Joel Lazar, Music Director

"Joel is one of the best musicians around....really one of the most erudite musicians on the scene, first rate conductor...He's sympathetic, not arrogant and simply a joy to work with..."

-Leon Fleisher, Concert Pianist and Conductor
[The Montgomery Gazette, 3/3/2000]

Joel Lazar has been acclaimed by the Washington Post as "…one of Washington's premier conductors of both old and new music…." He has conducted the Theater Chamber Players in engagements at the Kennedy Center, the Library of Congress, and on tour from 1986 to 2003. He has appeared as guest conductor with many orchestras and contemporary music ensembles in the Washington area, including a 20-year tenure as Music Director of the JCC Symphony Orchestra from 1988 until 2008.

During the 1990s, he was Music Director of Alexandria-based Opera Americana, and has been Principal Conductor for the In Series' opera productions since 1991. He was a cover conductor for the National Symphony Orchestra from 1997 to 2001, sharing the stage with Music Director Leonard Slatkin in critically praised and enthusiastically received performances of Ives' Fourth Symphony in April 2001. In June 2007, Joel Lazar was appointed Principal Guest Conductor of the Washington Sinfonietta, and since 2008 has been serving as that orchestra's Principal Conductor.

Music Director of the Tulsa Philharmonic from 1980 to 1983, Joel Lazar has also appeared with the orchestras of San Antonio, Louisville, Pasadena, Oklahoma City, Richmond, Harrisburg, Wheeling and Johnstown, with Sarah Caldwell's Opera Company of Boston, and was Music Director of the Richmond Philharmonic from 1990 to 1992. During a period of European residence he conducted the BBC Philharmonic, the Danish National Orchestra, the Tivoli Orchestra and the Scottish Baroque Ensemble in concerts, broadcasts and recordings. His performances and feature interviews have been broadcast by the BBC, Danmarks Radio, Bayerischer Rundfunk, WCLV-FM (Cleveland, Ohio) and National Public Radio.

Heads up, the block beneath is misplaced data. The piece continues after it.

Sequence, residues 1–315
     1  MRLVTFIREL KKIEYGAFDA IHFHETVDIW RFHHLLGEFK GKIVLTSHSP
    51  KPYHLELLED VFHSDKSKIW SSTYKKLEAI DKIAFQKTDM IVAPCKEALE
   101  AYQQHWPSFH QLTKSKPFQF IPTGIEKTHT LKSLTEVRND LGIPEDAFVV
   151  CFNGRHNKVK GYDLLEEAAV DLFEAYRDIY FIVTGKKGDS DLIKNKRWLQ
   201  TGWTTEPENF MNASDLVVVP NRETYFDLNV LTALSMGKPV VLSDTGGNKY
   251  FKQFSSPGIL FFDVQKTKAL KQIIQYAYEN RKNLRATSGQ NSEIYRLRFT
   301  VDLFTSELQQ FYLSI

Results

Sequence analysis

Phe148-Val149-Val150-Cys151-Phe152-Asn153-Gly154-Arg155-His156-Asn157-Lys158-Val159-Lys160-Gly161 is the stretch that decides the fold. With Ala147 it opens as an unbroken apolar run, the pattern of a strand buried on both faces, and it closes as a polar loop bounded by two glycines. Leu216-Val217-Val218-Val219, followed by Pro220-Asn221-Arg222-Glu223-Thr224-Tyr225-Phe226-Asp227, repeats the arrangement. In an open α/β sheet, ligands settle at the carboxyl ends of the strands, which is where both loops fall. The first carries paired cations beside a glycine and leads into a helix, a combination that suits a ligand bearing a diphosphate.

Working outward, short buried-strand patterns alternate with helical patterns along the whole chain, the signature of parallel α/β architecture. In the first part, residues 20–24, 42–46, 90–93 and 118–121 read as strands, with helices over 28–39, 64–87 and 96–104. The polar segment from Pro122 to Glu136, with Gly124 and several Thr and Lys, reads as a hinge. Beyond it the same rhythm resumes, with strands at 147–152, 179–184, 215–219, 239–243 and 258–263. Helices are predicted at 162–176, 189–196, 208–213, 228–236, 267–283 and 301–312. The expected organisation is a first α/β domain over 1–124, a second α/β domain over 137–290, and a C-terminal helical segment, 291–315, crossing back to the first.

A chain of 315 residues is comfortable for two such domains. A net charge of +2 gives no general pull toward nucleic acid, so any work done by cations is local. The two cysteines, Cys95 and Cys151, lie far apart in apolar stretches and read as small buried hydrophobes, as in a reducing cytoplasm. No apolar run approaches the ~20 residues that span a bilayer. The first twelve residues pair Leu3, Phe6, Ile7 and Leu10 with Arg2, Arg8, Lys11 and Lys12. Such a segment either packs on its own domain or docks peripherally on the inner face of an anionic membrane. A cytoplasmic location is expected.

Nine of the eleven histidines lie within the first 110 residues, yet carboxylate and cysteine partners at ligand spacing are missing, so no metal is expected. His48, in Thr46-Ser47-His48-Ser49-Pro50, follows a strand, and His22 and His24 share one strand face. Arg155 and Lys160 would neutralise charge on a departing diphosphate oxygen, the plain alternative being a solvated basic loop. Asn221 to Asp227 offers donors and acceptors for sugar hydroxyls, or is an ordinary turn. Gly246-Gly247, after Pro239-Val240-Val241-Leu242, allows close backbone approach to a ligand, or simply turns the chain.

"Joel Lazar conducts the tiny orchestra with his usual stylistic sensitivity."

-The Washington Post
[review of The Magic Flute by The In Series]

Joel Lazar has enjoyed successful collaborations with many leading artists of our time, including:

  • Pianists Leon Fleisher, André Watts, Lorin Hollander, Garrick Ohlsson, Gary Graffman, Malcolm Frager, Charles Rosen and Alon Goldstein
  • Violinists Shlomo Mintz, Cho-Liang Lin, Jaime Laredo, Timothy Fain, Elisabeth Adkins, Ricardo Cyncynates, Amy Beth Horman and Elmar Oliveira
  • Violists Donald McInnes and Nokuthula Ngwenyama
  • 'Cellists Leonard Rose, Evelyn Elsing, Stephen Honigberg, Amit Peled and Stephen Kates
  • Hornists Barry Tuckwell and Robert Routch
  • Bassoonist David McGill
  • Oboists Ray Still, Rudolph Vrbsky and Sara Watkins Shirley-Quirk
  • Clarinettist Alex Fiterstein
  • Singers Phyllis Bryn-Julson, Roberta Peters, Jeannette Walters, Maureen Forrester, Ben Holt, Marvis Martin and Charles Williams

as well as many members of the National Symphony Orchestra, the New York Philharmonic, the Metropolitan Opera Orchestra, the Cleveland Orchestra, the Chicago Symphony and the Washington Opera.

Highlights of Joel Lazar's performances include George Crumb's Ancient Voices of Children and Lukas Foss' Time Cycle, conducted in the presence of the composers, and narrating Schoenberg's Ode to Napoleon. He has also conducted premieres of major works by Frances Thompson McKay and Robert Parris, the first American performance of Michal Vích's Opera La Serra, presentations of Schoenberg's Suite, Op. 29 and Pierrot Lunaire, and a concert in Bavaria with the orchestra of the Collegium Musicum Schloss Pommersfelden, including the Third Symphony of Anton Bruckner. In November 2006, he conducted Mozart's The Magic Flute for the In Series and Handel's Giulio Cesare at the Catholic University of America.